Michael von Brück is Professor of Comparative Religion. Until 2014 he was Head of the Interfaculty Program in Religious Studies at the University of Munich and since 2015 he is Honorary Prof. of Comparative Religion at the Catholic Univ. of Linz (Austria). He is a Member of Doctoral Program in Buddhist Studies, Univ. of Munich, was 5 years Visiting Prof. In Madras (India), Visiting Prof. at several American and Asian Universities, and a member of different academic institutions worldwide. He publishes widely in the fields of Buddhism, Hinduism, Christianity and Interreligious Dialogue.

David Loy is Professor of Comparative Philosophy (now retired) and a teacher in the Sanbo Zen tradition of Japanese Buddhism. His many books include Nonduality, Lack and Transcendence, and most recently Ecodharma: Buddhist Teachings for the Ecological Crisis. He is especially interested in the encounter between Buddhism and modernity. He offers retreats and workshops nationally and internationally, usually focusing on the social and ecological implications of Buddhist teachings. More at:

Perry Schmidt-Leukel is Senior Professor of Religious Studies and Intercultural Theology at the University of Muenster. Before, he taught at the Universities of Munich, Innsbruck, Salzburg and Glasgow. His research focusses on religious pluralism, inter-faith relations, Buddhist-Christian dialogue and interreligious theology. He has published more than 30 books and received various awards. In 2015 he presented the prestigious Gifford-Lectures at the University of Glasgow. Currently, he is president of the European Network of Buddhist-Christian Studies.

Sylvia Wetzel studied Politics, Russian and English, and since 1977 was a student of the late Lama Thubten Yeshe (1935-1984). She served as director of his German Centre in the 1980ies and founded the Buddhist Publishing Company Diamant Verlag in 1983. She served as board member of the German Buddhist Union (1984-1999) and as co-organizer of International Buddhist Teachers´ Conferences 1993-2015. Since the mid-1980ies she taught Buddhism in public talks, weekends and retreats and since then is engaged in Buddhist-Christian dialogue. With her interest in European Philosophy and the history of culture, psychology, psychotherapy, politics and gender issues she is a pioneer of Buddhism in Europe. She has translated and written several books on Buddhism. More at:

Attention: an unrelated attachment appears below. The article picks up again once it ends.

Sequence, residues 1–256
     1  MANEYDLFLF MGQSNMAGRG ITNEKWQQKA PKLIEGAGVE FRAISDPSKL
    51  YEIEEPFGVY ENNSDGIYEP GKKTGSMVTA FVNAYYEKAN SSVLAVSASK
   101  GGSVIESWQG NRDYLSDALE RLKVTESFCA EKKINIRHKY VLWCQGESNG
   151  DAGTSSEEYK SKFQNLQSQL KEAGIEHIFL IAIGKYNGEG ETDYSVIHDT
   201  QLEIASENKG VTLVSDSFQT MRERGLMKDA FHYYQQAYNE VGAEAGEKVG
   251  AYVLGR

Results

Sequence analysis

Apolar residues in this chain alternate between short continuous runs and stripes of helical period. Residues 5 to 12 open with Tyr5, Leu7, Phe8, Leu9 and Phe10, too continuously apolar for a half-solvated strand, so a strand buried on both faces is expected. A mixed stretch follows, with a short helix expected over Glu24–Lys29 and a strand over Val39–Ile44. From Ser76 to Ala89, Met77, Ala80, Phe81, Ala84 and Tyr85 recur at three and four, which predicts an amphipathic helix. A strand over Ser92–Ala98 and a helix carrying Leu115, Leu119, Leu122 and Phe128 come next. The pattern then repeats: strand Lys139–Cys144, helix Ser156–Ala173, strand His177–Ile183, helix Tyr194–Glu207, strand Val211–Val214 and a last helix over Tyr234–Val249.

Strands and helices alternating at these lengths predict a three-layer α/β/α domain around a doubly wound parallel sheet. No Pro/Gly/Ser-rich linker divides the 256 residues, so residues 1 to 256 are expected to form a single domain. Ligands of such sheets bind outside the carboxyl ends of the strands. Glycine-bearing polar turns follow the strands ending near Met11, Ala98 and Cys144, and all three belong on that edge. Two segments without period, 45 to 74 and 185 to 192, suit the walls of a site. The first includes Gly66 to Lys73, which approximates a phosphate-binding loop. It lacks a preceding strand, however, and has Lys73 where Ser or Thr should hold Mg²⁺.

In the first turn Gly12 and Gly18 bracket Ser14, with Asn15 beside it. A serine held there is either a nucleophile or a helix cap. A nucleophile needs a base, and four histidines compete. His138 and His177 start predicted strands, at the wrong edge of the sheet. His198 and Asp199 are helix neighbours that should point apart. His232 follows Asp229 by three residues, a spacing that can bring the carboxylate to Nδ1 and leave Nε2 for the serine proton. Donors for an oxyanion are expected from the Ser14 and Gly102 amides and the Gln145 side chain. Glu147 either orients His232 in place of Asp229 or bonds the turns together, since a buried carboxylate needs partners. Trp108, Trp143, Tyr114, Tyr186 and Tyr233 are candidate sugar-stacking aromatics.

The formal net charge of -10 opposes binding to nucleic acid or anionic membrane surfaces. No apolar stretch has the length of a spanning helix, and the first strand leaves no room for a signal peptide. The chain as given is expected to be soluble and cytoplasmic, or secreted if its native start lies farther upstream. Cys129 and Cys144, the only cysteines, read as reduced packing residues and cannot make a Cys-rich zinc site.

Claudia Jahnel is Professor for Intercultural Theology and the Body at the Ruhr-Universität in Bochum. Among her research interests is the interdisciplinary, intercultural and intersectional study of the body and its transgression of social boundaries in the dynamic field of late modern transcultural spirituality. Her approach navigates at the crossroads of discourse theory, phenomenology (Leibphänomenologie), practice theory, intersectional and postcolonial theory. She has published widely on body concepts in African theologies, the body in “black theology”, the “Pentecostal body”, and a body sensitive ecology.

Werner Vogd is Professor of Sociology at the University of Witten/Herdecke with main research interests in systems theory, body-oriented phenomenology, embodiment. His doctoral thesis was on “Radical Constructivism and Theravada Buddhism”. Among his current research projects is a six-year study on Buddhism in the West (researching six schools from Zen, Tibetan and Theravada Buddhism). Among his recent publications (co-authored with Jonathan Harth) is: Die Praxis der Leere. Zur Verkörperung buddhistischer Lehren in Erleben, Reflexion und Lehrer-Schüler-Beziehung (2015).

Kajsa Ahlstrand is Professor of Theology, Church and Mission Studies, World Christianity and Interreligious studies at Uppsala University, Sweden. Her research focusses on various forms of interfaith relations and on the question of how Christian groups and thinkers relate to religious diversity. She has also researched the religious change processes that contradict fundamentalism and has interested in the phenomenon of religious multilingualism, especially in relation to Buddhism and Christianity.

Carola Roloff is Visiting Professor for Buddhist Studies at the Academy of World Religions of the University of Hamburg since 2018. She studied Tibetology and Classical Indology, focusing on Buddhist Studies at the Asia-Africa-Institute of the University of Hamburg (M.A. 2003, PhD in 2009). Her current focus in research and teaching is “Buddhism and Dialogue in Modern Societies.” Other research topics include gender-religion interactions in Buddhism and their significance in social dialogue processes. She is also a Tibetan Buddhist nun known as Ven. Jampa Tsedroen.